During my practice lifetime I have seen a dramatic movement toward the latter. In retrospect, this is not surprising since the payment system for physicians rewarded us for doing things to patients. Add to this the movement toward specialty medicine where we are increasingly rewarded for becoming more focused and less capable for the general caring role.

Nature abhors a vacuum and the vacuum relating to caring for patients are being filled by non-physicians. There may be some limited resistance from organized medicine but most of these caring activities represent lower margin business. I can't help but relate back to Clayton Christenen's observations that disruptive new entires generally move into lower margin activities and quickly end up displacing those who previously occupied such niches.

The future appears clear to me. In the not to distant future, physicians will relegate their roles as caring for patients. Assuming this happens, the question I raise how will this change how we educate physicians. For professionals increasingly deployed to do very specific and focused tasks, what is the utility of lengthy, expensive, and broad training which is promptly forgotten?

The waiting game

The frantic activities of the Congress before Christmas have given way to a peculiar calm. Things will get revved up again when the health care bills from the House and Senate get thrown in the great merging maw. The question is what will happen?

I now have a sense that it is nearly impossible for anything of substance to come as a product of a possible fusion of these bills. I also believed there was no way the House and Senate would be able to pass anything prior to the end of 2008 which should serve as a caution for anyone who thinks I can predict the future, particularly the political future.

Assuming I am wrong and that the miracle workers in the joint House and Senate committee pull off the merger through some sort of magical process, what is this going to look like and what type of shock waves will be unleashed? Depending on the constitutional issues which may come into play and how the legislation is crafted, the opportunities for legal challenges will be created. It suspect that there will be a series of immediate legal challenges which will placed. It will get very interesting and perhaps very ugly.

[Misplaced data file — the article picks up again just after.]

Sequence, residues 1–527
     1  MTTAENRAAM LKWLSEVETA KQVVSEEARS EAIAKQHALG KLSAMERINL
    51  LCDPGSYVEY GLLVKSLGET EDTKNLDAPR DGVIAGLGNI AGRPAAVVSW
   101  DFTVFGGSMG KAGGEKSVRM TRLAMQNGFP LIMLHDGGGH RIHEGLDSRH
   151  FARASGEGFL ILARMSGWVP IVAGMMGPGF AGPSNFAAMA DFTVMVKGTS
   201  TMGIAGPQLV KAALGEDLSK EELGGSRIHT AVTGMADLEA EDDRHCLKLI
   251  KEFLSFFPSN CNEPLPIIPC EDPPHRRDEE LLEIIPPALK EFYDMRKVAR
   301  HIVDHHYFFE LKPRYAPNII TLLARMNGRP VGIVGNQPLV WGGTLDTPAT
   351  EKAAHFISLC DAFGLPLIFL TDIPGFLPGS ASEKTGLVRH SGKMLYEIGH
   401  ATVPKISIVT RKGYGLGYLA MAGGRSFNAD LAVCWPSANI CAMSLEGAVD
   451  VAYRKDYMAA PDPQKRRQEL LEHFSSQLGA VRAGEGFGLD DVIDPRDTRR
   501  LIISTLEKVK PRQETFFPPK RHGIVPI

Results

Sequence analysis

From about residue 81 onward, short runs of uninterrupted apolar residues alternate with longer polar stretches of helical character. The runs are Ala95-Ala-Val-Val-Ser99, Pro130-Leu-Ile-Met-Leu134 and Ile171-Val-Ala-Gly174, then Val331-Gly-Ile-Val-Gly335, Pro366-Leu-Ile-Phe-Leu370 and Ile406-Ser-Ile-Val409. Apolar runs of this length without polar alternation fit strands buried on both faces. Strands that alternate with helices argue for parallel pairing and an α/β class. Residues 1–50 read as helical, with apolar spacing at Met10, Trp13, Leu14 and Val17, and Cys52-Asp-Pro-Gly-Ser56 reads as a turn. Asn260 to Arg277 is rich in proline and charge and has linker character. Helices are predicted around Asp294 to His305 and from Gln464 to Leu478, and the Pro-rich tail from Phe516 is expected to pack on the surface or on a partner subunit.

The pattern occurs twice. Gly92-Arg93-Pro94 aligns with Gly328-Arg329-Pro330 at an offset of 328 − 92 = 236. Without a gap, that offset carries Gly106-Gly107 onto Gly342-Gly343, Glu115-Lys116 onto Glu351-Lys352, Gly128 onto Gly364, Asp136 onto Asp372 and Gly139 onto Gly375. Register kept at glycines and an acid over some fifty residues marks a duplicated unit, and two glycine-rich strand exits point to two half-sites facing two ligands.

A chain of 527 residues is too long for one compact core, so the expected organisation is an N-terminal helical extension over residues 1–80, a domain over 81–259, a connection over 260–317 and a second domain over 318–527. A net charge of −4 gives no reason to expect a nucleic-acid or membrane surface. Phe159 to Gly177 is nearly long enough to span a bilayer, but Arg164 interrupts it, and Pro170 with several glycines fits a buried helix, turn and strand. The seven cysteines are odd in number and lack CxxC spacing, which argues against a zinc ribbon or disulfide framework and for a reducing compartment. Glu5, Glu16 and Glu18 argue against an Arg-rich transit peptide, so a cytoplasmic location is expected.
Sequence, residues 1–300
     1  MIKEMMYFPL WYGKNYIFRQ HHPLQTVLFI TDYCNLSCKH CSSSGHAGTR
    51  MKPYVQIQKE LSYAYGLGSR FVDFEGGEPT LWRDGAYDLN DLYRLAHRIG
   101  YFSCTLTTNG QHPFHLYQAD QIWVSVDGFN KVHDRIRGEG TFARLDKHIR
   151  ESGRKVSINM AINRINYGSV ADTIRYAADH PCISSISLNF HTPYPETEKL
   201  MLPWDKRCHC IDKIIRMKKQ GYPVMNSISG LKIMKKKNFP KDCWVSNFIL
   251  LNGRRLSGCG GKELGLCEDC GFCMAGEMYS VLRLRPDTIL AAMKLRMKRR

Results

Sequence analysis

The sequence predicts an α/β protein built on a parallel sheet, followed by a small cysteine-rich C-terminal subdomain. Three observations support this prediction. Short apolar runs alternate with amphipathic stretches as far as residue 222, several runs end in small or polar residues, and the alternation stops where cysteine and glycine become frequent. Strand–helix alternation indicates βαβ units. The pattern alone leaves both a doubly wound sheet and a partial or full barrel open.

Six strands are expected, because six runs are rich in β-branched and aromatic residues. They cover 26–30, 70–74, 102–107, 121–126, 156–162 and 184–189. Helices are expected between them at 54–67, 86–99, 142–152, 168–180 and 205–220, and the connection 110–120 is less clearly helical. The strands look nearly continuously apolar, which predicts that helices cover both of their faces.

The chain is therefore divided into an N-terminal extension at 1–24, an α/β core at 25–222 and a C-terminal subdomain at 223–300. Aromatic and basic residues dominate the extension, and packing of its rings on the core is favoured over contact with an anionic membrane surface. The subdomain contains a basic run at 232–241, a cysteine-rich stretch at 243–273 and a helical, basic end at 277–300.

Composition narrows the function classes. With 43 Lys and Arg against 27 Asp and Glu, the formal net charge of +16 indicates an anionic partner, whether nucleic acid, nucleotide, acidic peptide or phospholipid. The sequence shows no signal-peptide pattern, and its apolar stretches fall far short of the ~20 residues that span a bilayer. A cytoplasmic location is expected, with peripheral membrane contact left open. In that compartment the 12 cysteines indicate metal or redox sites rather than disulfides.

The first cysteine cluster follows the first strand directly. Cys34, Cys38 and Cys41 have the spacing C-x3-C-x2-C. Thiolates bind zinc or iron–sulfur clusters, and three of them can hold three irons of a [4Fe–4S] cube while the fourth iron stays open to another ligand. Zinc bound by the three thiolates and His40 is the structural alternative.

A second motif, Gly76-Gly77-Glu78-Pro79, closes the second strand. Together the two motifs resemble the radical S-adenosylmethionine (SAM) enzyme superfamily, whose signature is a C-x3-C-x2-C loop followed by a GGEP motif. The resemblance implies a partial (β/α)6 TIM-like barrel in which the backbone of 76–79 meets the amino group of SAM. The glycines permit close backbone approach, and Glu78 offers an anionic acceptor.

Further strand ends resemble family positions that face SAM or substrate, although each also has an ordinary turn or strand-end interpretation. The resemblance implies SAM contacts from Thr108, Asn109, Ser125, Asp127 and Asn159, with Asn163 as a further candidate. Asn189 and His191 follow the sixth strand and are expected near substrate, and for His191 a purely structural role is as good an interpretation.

The constraints required for merging the bills creates few opportunities to make a workable and constitutional bill. Each constraint represents a hard stop, veto opportunity. Cost constraints are not compatible with broad state Medicaid subsidies. Focused state underwriting welcomes constitutional challenges. No state underwriting will lead to loss of state support for the entire process. Similar rock, paper,scissor scenarios may develop in handling regulatory measures focusing on insurance returns and abortion policies. Measures required to create political coalitions that are essential to create compromises needed to maintain coalitions create law which welcomes legal challenge.

We are also presented with surreal time lines. The bills need to be merged meaning sections need to be harmonized and differences adjudicated. How many people need to touch and review the sticking points? How long will it take to create some sort of close to a final draft which then needs to be reviewed by all of the House and Senate? How in the world will all this happen in a transparent fashion before the State of The Union Address. Again, I express more disbelief. Am I the realist or just a nay-sayer (or both).

In the end this may all be irrelevant in the long run. There will be marked changes in the health care environment, independent and any reform that occurs through federal legislation. I do not wish for change to stop. That would be crazy. Our present system rewards many of the wrong things, stimulates overconsumption of expensive services, and will bankrupt us. The worst case scenario would be for federal reform to act as a barrier to positive change while accelerating our move toward bankruptcy.

At this point it is just a waiting game.